Urgent care center growth up 6%
The Urgent Care Association reports industry growth of almost 6% in 2019, with 9,279 urgent care centers in the United States as of June 2019, up from 8,774 in 2018 and 8,125 in 2017.
In a recently updated white paper, “The Essential Role of the Urgent Care Center in Population Health,” the association reports that urgent care centers handle more than 112 million patient visits per year, representing 23% of all primary care visits and 12.6% of all outpatient physician visits.
UCA’s membership includes more than 3,000 urgent care centers. The association defines urgent care services as:
- A medical examination, diagnosis and treatment for non-life or limb threatening illnesses and injuries that are within the capability of an urgent care center which accepts unscheduled, walk-in patients seeking medical attention during all posted hours of operation and is supported by on-site evaluation services, including radiology and laboratory services.
- Any further medical examination, procedure and treatment to the extent they are within the capabilities of the staff and facilities available at the urgent care center.
The UCA’s database does not include retail clinics housed inside retail operations and typically alongside in-house pharmacies, or traditional primary care practices with extended hours for their patients.
Patient volume: In the UCA’s 2018 Benchmarking Report, representing 2017 data, respondents reported a median patient volume of 35 patients per day. Urgent care volume can be seasonal, typically spiking during late fall and winter.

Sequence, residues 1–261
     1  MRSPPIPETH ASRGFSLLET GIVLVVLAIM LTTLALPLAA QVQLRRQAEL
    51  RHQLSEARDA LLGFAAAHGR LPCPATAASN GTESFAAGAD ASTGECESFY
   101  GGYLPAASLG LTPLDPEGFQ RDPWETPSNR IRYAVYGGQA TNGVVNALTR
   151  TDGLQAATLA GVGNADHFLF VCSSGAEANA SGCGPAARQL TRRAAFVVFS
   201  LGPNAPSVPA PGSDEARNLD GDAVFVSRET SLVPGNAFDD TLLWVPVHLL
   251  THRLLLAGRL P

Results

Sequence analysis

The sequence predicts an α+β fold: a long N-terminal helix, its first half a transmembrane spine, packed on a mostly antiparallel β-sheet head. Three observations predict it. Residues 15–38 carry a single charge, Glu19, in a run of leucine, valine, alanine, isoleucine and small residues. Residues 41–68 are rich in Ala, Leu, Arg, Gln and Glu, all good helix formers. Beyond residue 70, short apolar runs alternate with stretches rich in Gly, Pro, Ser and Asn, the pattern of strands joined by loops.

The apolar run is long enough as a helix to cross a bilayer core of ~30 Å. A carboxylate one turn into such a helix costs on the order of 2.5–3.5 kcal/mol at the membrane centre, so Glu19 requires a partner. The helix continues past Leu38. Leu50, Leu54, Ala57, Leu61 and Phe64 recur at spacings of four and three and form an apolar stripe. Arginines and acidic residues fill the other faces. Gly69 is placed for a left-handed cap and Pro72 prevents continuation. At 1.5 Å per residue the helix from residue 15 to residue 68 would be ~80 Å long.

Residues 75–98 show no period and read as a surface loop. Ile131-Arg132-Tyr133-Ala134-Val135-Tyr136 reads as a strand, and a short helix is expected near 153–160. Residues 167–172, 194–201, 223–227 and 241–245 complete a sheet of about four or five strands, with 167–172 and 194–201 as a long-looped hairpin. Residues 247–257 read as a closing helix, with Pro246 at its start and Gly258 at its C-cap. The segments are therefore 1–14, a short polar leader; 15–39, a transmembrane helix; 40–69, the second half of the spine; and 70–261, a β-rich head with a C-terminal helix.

Patient profile: Depending on the year of the UCA benchmarking survey, 25-40% of urgent care patients lack a primary care physician. A large demographic that often chooses urgent care for their acute needs are young, healthy adults devoid of chronic health conditions, according to UCA.
Ownership: Urgent care centers emerged largely as a physician or physician group strategy. In an early UCA Benchmarking Report based on the calendar year 2008, 54.1% of centers were physician owned while hospitals represented 24.8% of the total. But by 2014, physician ownership had dropped to 40% and hospital (or healthcare system) ownership had increased to 37% of respondents. Many multisite urgent care centers have taken on private equity partners, according to the association.
Typical services: Non-life- or-limb-threatening illnesses and injuries typically seen in urgent care centers include, but are not limited to:
- Burns, minor.
- Conjunctivitis (pink-eye).
- Dermatological conditions (rashes, infections, including incision and drainage as a procedure).
- Ear infections.
- Gastrointestinal disorders.
- Gynecological infections and disorders.
- Lacerations, including suturing.
- Pharyngitis (sore throats).
- Upper respiratory infections.
- Urinary tract infections.
- Work-related illness, injury, screening and wellness.
- Detection of complications of chronic illness.